Startup Balkans

Please, don’t try to control a startup community

We asked our interviewees “how strong are efforts to control people, activities and information in the startup community today?” and the state was the primary suspect. Justified or not? The interviews shared their thoughts.

Brad Feld declares that a startup community can be guided and influenced but not controlled. Instead of approaching a startup community from the top down, the right conditions should be in place for the community to emerge from the bottom up. It is contra-productive to control people, activities and information. It goes against the spirit of the startup community and may have destructive effects.

We asked our interviewees “how strong are efforts to control people, activities and information in the startup community today?

On average, the strength of efforts to control is increasing (28% in 5 years) in the Western Balkans—it is a worrying trend. That said, the score varies widely among the countries. In Albania and Kosovo, there is a continuous strong tendency to control efforts. In North Macedonia such efforts, while also increasing, are on a much lower level. In Serbia, the answers point to a significant increase compared to five years ago in the strength with which efforts are made to control people, activities and information in the startup community. And Bosnia & Herzegovina appear to be on the same trajectory as Serbia.

The majority of the interviewees drew a direct parallel between the word ‘control’ and the state, which is indicative as the word ‘state’ was not explicitly mentioned in the question. Clearly, the question hit a nerve, as it touches directly on the precarious relationship between the state and its citizens. To a lesser degree, the interviewees highlighted how individuals, organizations and donor funded projects (perhaps unintentionally) are perceived to control the startup community.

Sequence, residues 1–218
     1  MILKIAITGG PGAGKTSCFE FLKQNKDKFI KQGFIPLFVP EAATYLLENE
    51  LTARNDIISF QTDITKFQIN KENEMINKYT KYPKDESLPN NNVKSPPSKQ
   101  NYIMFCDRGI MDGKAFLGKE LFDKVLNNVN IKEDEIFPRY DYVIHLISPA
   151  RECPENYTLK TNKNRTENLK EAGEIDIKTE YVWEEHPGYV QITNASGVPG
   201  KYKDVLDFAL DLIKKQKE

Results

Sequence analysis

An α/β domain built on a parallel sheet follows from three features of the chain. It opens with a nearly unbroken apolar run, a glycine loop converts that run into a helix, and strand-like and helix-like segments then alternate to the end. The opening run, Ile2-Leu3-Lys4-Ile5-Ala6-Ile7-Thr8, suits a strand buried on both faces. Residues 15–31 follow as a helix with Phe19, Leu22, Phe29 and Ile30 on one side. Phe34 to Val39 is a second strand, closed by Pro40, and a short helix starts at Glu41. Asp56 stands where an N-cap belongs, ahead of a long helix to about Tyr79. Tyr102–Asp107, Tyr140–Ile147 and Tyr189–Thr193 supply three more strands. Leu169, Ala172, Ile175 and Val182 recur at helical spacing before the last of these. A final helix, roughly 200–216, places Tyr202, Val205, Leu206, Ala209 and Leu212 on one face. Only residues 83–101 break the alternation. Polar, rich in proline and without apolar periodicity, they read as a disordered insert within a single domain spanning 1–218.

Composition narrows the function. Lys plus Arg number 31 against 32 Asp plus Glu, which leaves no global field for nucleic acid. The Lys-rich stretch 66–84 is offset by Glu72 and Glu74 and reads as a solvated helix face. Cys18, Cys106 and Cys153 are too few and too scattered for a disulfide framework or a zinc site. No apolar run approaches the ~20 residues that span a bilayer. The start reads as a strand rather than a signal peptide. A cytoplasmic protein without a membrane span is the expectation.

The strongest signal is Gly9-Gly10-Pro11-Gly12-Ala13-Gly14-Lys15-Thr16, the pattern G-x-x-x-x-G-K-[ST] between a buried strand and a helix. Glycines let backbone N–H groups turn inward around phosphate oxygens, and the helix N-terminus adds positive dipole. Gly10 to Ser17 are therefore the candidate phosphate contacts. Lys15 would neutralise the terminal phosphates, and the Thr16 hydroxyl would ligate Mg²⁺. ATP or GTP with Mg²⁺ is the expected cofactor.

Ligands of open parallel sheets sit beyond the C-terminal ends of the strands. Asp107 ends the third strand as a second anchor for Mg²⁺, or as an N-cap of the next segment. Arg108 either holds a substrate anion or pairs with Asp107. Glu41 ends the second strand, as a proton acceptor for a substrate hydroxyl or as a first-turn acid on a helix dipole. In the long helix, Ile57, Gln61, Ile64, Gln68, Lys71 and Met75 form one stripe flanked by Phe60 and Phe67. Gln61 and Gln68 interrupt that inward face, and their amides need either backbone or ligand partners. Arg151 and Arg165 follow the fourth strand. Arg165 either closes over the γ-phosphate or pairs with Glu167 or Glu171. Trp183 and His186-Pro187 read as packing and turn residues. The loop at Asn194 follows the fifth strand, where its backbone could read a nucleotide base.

Concerning the state, the answers fall in three categories – negative, positive and neutral:

  • Negative. The majority of interviewees see the state’s involvement in the startup space as a means to control what is going on rather than a sign of genuine intent to help entrepreneurs. There is a tendency for the state to get involved when success is achieved by entrepreneurs in the startup community, mainly to become part of the success (or tax it), and not necessarily to fuel it further. According to the interviewees, new legislation appears to emerge without constructive consultation with the startup community, while some legislation has a direct negative impact on startups.
  • Positive. A significantly smaller group of interviewees took a more upbeat view of the state’s intentions in getting involved with the startup community, highlighting that dialogue with the state is now much more transparent than five years ago.
  • Neutral. The second largest group of the interviewees took a more wait-and-see stand to the state. They are stressing that policy makers showing an interest to get involved with the startup community is a start, but it remains to be seen how well its top-down approach will go down with the community. The neutrals recognize the challenges ahead, highlighting that some in the startup community do not want to communicate with the state, while others know it is necessary to push through changes in legislative and regulatory frameworks. They are not sure of the best way and worried about the reaction by the state.

However, the interviewees did not only zoom in on the state when worrying about actors trying to control the startup communities. They also mentioned individuals, people with years in the space, who are trying to control activities as well as local NGOs, that are well-positioned to help startups but are often reluctant to open up and provide guidance. Some of them felt that the donor community is ‘controlling’ the startup community through its projects and NGOs funding.

Bottom line, there appears to be a worry of the potentially negative influence of the state on the startup community among the interviewees. At the same time, they are keen to highlight their own, bottom-up initiatives, bringing together like-minded people with informal Slack or WhatsApp groups, sharing information without heavy moderation, sometimes around successful verticals such as gaming and blockchain. Again, there is a call for facilitation. There is a need for somebody to build the infrastructure and bring people together. The state cannot and should not do that.

Jakob Modéer